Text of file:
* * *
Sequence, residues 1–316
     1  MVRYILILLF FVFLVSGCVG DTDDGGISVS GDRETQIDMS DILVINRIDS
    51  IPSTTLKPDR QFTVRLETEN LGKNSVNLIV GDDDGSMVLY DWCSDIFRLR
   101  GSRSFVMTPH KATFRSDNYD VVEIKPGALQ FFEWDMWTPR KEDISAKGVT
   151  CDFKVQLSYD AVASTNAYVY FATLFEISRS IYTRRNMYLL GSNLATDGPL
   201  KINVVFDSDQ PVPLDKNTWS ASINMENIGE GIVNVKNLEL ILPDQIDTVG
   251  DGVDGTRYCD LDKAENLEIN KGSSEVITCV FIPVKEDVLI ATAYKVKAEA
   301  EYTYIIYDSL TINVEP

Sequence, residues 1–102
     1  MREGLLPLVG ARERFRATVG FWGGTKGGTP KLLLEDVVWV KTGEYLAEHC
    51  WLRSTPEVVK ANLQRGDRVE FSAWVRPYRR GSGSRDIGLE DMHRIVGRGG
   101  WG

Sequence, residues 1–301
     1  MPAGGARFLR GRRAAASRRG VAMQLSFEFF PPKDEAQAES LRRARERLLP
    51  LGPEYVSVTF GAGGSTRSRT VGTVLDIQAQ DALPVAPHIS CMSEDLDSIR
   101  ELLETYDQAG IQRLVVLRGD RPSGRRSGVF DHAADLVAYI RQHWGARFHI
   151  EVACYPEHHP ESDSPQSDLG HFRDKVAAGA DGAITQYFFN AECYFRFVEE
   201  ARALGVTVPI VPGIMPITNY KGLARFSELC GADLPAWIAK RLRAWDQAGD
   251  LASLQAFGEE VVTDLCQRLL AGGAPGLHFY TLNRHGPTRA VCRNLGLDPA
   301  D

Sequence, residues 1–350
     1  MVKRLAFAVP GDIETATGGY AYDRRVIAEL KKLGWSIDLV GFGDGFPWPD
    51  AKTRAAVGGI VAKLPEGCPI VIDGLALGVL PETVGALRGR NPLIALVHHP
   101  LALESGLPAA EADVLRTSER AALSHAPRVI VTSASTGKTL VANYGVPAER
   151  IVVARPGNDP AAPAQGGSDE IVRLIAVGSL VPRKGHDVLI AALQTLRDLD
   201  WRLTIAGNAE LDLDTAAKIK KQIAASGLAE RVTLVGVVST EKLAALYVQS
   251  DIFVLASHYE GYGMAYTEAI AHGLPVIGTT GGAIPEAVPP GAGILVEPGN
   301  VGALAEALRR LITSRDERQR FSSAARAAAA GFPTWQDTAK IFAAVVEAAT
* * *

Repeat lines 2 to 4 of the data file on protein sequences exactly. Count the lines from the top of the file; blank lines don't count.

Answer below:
     1  MVRYILILLF FVFLVSGCVG DTDDGGISVS GDRETQIDMS DILVINRIDS
    51  IPSTTLKPDR QFTVRLETEN LGKNSVNLIV GDDDGSMVLY DWCSDIFRLR
   101  GSRSFVMTPH KATFRSDNYD VVEIKPGALQ FFEWDMWTPR KEDISAKGVT